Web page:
“Catcher” Sequel Delayed, For Now

Salinger is trying to stop the book's summer debut

A federal judge said Wednesday she found substantial similarities between J.D. Salinger's "The Catcher In The Rye" and a new book by a Swedish author and questioned whether it should be published in the United States.

U.S. District Judge Deborah Batts commented as she listened to lawyers argue whether Salinger had a right to stop publication this summer in the United States of a novel called "60 Years Later" by Fredrik Colting. He writes under the name John David California.

The judge said she had read both books and could rule that the substantial similarities left her to decide whether the new book made fair use of Salinger's work by providing commentary, criticism or parody.

She blocked publication of the book for 10 days until she can decide what she called serious legal questions raised by the dispute. The temporary order makes it likely that a ruling would occur in the next month.

Edward Henry Rosenthal, a lawyer for Colting, argued that the book should be allowed to be published because it provided meaningful criticism of Salinger and his chief character, Holden Caulfield.

Batts said she was not having trouble finding effective criticism in the book.

Let me be clear," she said. "I am having difficulty seeing that it exists."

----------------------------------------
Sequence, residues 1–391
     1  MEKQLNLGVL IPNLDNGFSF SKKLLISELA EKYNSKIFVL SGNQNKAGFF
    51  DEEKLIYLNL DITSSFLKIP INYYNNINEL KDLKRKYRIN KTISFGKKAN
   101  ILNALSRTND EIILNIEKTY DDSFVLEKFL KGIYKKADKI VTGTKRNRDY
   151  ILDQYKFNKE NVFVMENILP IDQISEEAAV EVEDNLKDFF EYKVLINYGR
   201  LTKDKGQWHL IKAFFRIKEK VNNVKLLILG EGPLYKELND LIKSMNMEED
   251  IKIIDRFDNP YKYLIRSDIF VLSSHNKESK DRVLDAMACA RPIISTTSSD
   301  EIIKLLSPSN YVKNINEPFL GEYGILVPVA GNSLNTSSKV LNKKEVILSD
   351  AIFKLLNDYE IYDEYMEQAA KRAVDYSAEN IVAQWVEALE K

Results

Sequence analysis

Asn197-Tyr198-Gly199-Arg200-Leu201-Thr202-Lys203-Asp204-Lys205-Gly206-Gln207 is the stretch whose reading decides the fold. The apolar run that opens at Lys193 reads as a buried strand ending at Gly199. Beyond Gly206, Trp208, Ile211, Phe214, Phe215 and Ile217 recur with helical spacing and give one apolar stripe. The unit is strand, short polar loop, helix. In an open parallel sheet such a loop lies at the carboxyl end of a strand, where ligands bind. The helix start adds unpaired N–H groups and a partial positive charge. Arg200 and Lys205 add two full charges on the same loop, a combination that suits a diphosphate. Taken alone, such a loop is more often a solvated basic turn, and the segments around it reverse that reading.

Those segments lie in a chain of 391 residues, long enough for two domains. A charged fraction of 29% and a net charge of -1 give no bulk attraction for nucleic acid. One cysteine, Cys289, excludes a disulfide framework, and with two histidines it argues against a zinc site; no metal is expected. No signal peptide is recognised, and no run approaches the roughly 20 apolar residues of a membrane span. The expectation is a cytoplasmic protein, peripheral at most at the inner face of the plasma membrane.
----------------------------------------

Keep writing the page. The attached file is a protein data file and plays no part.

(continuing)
Marcia Beth Paul, a lawyer for Salinger, said the book copied her client's book and was "pure commercialism,"meant to capitalize on the spectacular success of Salinger's classic novel about the first days of a disaffected teenager's life after he is thrown out of a boarding school and has a series of experiences in New York City.
Colting says his novel is a legally protected commentary and parody of "The Catcher In the Rye."
A character called "Mr. C" is presumed to be Holden Caulfield as an old man. It also features an author named "J.D. Salinger," who contends with his character's enduring fame.
The reclusive Salinger has gone deaf and is communicating his displeasure with a new book through handwritten notes from a facility where he is rehabbing a broken hip, his literary agent said.

Salinger, 90, who lives in rural New Hampshire, has "several age-related health problems" and had surgery for a broken hip last month, agent Phyllis Westberg said in an affidavit filed in Manhattan court last week, according to the Smoking Gun.

The author has not published a book in decades and steps into the public eye only to feverishly protect his privacy and his work.

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